How 'Pawn Stars' Launched a Hot New Genre and May Earn Academy Respect
THR's Lacey Rose explores the big business of "Thrift TV."
TruTV executive vp and GM Marc Juris, who has had big success with Hardcore Pawn, agrees. As he sees it, the subject matter appeals to viewers because it not only "provides relatable fantasy" but also offers an inherent story arc. It begins with the item; then the suspense of what it is worth; the valuation; and, finally, either conflict or delight.
"In a single transaction, it has all of the elements of a great story," he says. (Juris notes that Hardcore Pawn was in development at the same time as Pawn Stars; the former was simply slower to air.)
Whatever the reason for the cultural fascination, the popularity of these programs is undeniable. Could the next phase be Emmy recognition?
With eight-time nominated Antiques the exception, pawn-themed shows have not yet landed on the academy's radar, though that is likely to change as programmers such as History roll out ambitious campaigns in the trades and consumer press. Among them: "For Your Consideration" ads for Pawn Stars that say, "If you give us an Emmy, we promise not to sell it."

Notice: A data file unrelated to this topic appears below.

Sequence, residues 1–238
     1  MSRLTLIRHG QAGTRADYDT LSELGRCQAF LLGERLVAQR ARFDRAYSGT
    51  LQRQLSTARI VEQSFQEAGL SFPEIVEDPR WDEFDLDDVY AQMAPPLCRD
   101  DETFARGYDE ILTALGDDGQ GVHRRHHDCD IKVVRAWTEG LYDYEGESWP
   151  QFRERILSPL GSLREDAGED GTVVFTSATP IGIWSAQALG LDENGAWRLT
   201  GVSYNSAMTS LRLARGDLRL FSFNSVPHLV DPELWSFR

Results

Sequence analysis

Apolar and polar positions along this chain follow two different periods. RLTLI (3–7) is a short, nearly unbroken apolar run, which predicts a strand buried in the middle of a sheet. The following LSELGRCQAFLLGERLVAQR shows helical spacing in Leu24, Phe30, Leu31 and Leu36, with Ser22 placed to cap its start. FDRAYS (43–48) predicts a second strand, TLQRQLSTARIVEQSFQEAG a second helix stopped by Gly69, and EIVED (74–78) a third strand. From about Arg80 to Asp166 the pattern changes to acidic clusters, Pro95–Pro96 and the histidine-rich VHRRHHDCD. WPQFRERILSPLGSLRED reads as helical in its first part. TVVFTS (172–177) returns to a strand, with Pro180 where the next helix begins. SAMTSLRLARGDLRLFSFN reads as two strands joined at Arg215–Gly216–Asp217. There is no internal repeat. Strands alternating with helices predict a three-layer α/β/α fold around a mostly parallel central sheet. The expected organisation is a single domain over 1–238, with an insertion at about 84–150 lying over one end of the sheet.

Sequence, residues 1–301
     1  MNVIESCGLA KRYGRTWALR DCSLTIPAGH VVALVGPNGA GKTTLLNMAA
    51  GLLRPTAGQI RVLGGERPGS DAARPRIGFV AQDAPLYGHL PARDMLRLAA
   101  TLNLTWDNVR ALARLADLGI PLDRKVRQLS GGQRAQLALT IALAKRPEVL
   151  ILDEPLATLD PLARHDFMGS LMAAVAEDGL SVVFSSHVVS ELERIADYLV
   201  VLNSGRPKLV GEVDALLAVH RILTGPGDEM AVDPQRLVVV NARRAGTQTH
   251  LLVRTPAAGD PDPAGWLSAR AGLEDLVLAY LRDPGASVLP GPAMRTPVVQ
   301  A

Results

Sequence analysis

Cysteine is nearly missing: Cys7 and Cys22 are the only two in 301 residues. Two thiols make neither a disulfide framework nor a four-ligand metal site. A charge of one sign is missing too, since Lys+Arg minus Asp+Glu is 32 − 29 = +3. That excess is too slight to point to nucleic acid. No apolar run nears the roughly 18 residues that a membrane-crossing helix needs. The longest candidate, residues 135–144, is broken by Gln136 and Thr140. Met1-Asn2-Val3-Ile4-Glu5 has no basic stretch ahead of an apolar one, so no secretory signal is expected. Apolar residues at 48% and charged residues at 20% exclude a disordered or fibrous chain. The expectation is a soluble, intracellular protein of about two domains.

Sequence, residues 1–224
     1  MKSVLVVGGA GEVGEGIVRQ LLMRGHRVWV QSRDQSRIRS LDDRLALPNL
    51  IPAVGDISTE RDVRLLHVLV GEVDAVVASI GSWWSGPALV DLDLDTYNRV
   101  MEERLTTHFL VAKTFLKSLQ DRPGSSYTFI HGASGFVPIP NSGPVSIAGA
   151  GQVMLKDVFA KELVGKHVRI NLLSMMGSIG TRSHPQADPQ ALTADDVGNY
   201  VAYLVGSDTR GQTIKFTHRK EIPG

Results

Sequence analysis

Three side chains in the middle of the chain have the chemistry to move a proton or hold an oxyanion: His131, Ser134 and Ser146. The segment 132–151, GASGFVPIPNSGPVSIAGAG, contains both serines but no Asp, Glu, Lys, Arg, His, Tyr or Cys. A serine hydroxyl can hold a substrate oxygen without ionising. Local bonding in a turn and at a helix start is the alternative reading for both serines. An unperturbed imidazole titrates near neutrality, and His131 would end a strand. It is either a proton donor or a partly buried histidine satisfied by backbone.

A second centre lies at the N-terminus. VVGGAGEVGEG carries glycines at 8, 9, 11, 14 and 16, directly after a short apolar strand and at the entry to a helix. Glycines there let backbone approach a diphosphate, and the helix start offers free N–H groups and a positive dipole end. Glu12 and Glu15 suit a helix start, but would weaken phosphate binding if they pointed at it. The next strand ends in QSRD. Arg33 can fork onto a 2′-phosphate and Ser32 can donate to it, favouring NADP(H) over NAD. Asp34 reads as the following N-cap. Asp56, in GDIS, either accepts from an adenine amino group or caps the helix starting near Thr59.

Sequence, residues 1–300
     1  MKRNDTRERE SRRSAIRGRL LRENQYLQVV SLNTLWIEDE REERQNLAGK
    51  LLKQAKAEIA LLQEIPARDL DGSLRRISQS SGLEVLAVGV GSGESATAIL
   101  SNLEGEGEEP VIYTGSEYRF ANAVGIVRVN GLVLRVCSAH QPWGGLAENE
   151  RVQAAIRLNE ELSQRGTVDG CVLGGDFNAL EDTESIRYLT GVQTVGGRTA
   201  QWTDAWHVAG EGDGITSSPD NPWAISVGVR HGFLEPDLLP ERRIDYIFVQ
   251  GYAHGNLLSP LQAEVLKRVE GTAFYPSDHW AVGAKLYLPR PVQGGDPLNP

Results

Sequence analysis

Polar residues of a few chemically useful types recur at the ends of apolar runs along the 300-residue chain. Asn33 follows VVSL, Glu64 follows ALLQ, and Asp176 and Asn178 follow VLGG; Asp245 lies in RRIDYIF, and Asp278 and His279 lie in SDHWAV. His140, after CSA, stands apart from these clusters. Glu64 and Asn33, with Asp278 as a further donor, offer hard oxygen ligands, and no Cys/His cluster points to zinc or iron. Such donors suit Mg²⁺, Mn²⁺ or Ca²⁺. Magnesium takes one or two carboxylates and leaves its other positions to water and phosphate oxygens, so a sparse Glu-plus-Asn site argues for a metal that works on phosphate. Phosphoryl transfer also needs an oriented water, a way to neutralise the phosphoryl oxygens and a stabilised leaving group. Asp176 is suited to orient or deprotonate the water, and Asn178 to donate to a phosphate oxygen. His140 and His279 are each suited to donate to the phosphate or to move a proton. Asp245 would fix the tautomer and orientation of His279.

Retaining the present momentum without reaching saturation is another priority for networks and producers alike.
But Montgomery acknowledges that the proliferation of copycats that once frightened him now gives him confidence. "It has actually showed the broadcasters that the audience appetite for these hidden-treasure shows is much wider than any of us would have guessed," he says.
12 REALITY CONTENDERS: THR picks the strongest candidates in competition and nonfiction.
- The Amazing Race (CBS)
- Antiques Roadshow (PBS)
- American Idol (Fox)
- Dirty Jobs (Discovery)
- Dancing With the Stars (ABC)
- Jamie Oliver's Food Revolution (ABC)
- Project Runway (Lifetime)
- MythBusters (Discovery)
- Survivor (CBS)
- Pawn Stars (History)
- Top Chef (Bravo)
- Undercover Boss (CBS)